Pier Street Farmers Market returns to Cedar Street parking lot for 2021

…and it’s hoped that the addition of artisans this year will make it even better

Some recommendations from the Downtown Safety Select Committee have been approved by Campbell River City Council, including removing the glass stage covering at Spirit Square. Photo by Marc Kitteringham, Campbell River Mirror
Council going ahead with removing Spirit Square stage covering

But mayor acknowledges need for ‘welcoming, warm place with support services’

A small fire on North Rendezvous Island is the first wildfire of the season in the Campbell River area. Officials are asking people to take caution when burning during these dry conditions. BC Wildfire Dashboard
‘Conditions are tricky at the moment’ warns Coastal Fire Centre

Small fire on North Rendezvous Island first of the season for Campbell River area

Vancouver resident Beryl Pye was witness to a “concerning,” spontaneous dance party that spread throughout social groups at Kitsilano Beach on April 16. (Screen grab/Beryl Pye)
VIDEO: Dance party erupts at Vancouver’s Kitsilano Beach to the dismay of onlookers

‘It was a complete disregard for current COVID-19 public health orders,’ says Vancouver resident Beryl Pye

Deputy Prime Minister and Minister of Finance Chrystia Freeland responds to a question during Question Period in the House of Commons Tuesday December 8, 2020 in Ottawa. The stage is set for arguably the most important federal budget in recent memory, as the Liberal government prepares to unveil its plan for Canada’s post-pandemic recovery even as a third wave of COVID-19 rages across the country. THE CANADIAN PRESS/Adrian Wyld
Election reticence expected to temper political battle over federal budget

Opposition parties have laid out their own demands in the weeks leading up to the budget

A syringe is loaded with COVID-19 vaccine at a vaccination clinic run by Vancouver Coastal Health, in Richmond, B.C., Saturday, April 10, 2021. THE CANADIAN PRESS/Jonathan Hayward
B.C. to open up COVID vaccine registration to all B.C. residents 18+ in April

Registration does not equate to being able to book an appointment

Pat Kauwell, a semi-retired construction manager, lives in his fifth-wheel trailer on Maxey Road because that’s what he can afford on his pension, but a Regional District of Nanaimo bylaw prohibits using RVs as permanent dwellings, leaving Kauwell and others like him with few affordable housing options. (Chris Bush/News Bulletin)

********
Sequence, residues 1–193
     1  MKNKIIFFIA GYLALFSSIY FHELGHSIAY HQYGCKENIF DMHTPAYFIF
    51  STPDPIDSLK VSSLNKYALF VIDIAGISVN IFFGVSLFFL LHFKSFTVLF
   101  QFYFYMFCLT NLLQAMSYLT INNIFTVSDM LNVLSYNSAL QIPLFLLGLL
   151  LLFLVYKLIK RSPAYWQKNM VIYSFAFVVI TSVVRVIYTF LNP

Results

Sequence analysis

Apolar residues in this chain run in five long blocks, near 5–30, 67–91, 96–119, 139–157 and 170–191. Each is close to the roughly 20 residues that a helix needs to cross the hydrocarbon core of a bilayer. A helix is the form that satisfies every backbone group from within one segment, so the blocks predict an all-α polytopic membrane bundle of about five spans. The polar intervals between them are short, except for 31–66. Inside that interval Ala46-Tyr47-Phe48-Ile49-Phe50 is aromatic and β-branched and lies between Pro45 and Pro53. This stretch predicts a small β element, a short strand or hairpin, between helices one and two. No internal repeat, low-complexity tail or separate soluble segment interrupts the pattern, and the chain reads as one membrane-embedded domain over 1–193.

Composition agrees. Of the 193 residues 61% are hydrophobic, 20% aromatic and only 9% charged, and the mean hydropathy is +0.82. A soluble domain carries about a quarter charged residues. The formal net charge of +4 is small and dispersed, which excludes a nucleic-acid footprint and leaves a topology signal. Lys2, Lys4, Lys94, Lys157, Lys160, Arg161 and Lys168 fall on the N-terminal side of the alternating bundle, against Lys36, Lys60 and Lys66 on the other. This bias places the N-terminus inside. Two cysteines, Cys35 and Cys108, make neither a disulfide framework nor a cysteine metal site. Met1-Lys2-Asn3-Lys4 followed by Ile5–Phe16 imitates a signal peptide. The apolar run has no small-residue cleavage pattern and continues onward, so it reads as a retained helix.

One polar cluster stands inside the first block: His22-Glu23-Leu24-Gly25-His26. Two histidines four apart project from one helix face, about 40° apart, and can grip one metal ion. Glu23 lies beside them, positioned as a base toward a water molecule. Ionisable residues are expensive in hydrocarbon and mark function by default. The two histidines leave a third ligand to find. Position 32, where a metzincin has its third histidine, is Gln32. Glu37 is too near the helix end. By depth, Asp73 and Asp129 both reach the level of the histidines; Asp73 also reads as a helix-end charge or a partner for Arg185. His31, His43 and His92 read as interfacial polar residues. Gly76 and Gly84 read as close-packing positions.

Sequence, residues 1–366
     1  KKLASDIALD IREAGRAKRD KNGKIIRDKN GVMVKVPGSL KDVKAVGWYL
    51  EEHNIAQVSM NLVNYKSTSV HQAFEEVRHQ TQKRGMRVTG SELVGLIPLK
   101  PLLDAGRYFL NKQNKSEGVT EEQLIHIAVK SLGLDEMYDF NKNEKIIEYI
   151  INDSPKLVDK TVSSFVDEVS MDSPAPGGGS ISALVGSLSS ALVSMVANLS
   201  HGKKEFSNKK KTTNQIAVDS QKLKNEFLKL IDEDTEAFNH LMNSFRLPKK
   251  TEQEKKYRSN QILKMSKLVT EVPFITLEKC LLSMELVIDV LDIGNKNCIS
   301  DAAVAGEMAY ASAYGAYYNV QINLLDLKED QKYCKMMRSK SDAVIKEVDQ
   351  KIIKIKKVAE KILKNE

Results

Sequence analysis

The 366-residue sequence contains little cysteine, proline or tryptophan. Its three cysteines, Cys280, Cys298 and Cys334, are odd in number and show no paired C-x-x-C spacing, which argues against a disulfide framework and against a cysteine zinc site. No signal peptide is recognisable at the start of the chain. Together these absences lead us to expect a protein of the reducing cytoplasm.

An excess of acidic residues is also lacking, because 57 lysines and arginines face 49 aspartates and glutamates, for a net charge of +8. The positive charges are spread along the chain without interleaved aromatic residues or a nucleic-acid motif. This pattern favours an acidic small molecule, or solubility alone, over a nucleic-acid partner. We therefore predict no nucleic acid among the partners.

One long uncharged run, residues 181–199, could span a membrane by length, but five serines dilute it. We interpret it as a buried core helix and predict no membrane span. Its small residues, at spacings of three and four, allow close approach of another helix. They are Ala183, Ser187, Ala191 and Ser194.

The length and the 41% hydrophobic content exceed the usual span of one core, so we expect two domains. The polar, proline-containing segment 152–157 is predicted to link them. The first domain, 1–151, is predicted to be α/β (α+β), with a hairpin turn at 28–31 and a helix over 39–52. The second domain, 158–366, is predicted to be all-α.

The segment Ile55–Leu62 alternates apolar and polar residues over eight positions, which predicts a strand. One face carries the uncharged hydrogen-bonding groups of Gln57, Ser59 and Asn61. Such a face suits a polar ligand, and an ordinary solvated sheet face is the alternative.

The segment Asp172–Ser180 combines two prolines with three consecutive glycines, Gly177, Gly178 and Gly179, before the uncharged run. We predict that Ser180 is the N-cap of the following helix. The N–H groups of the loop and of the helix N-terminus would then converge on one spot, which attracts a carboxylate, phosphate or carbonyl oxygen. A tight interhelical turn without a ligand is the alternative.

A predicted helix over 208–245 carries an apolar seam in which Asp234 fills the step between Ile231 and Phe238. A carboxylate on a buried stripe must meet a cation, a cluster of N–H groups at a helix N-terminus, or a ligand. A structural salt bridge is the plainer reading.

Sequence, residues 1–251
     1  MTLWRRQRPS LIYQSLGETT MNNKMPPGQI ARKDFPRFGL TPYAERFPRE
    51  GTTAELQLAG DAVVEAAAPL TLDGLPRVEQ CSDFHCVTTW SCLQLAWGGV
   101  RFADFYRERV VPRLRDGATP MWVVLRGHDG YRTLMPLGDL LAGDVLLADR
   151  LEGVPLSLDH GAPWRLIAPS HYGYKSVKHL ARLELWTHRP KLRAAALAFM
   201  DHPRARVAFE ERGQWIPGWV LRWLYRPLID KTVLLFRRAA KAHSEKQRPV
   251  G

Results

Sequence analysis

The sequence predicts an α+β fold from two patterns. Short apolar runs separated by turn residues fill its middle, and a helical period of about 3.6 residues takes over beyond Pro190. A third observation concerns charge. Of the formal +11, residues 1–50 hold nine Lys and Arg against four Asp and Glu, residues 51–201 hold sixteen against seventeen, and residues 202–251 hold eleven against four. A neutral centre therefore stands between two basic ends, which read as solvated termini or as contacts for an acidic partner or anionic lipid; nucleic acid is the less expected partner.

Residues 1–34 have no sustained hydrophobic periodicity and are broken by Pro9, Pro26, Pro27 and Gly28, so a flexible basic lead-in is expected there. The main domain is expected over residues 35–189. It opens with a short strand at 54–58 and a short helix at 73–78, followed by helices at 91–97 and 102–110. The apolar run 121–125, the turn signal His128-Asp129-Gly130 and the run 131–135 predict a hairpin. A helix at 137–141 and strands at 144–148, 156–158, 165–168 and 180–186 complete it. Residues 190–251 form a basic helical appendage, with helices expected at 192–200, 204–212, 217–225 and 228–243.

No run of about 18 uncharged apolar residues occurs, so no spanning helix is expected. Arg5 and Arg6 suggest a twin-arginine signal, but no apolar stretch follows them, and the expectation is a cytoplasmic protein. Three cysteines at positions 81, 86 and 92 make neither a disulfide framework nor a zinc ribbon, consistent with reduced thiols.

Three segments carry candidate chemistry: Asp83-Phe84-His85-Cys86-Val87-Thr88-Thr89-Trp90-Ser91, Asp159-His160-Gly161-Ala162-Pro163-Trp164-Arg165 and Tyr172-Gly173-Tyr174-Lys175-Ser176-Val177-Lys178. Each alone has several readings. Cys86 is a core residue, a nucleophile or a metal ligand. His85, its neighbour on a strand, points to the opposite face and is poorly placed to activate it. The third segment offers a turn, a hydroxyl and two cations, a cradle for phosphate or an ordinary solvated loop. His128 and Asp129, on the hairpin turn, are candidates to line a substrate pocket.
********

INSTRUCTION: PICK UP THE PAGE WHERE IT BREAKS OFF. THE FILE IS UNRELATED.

Rules against RV living hard on Island residents caught in housing crunch

Regional District of Nanaimo bylaw forcing pensioner to move RV he calls home off private farm land

(Black Press file photo).
UPDATED: Multiple stabbings at Vancouver Island bush party

Three youths hospitalized after an assault in Comox

Selina Robinson is shown in Coquitlam, B.C., on Friday November 17, 2017. British Columbia’s finance minister says her professional training as a family therapist helped her develop the New Democrat government’s first budget during the COVID-19 pandemic, which she will table Tuesday. THE CANADIAN PRESS/Darryl Dyck
B.C. finance minister to table historic pandemic-challenged deficit budget

Budget aims to take care of people during pandemic while preparing for post-COVID-19 recovery, Robinson said

Each spring, the Okanagan Fest-of-Ale is held in Penticton. This year, as a result of the COVID-19 pandemic, the festival will not be held. However, beer is still available. How much do you know about this beverage? (pxfuel.com)
QUIZ: How much do you really know about beer?

Put your knowledge to the test with this short quiz

Lord Tweedsmuir’s Tremmel States-Jones jumps a player and the goal line to score a touchdown against the Kelowna Owls in 2019. The face of high school football, along with a majority of other high school sports, could significantly change if a new governance proposal is passed at the B.C. School Sports AGM May 1. (Malin Jordan)
Power struggle: New governance model proposed for B.C. high school sports

Most commissions are against the new model, but B.C. School Sports (BCSS) and its board is in favour

Most Read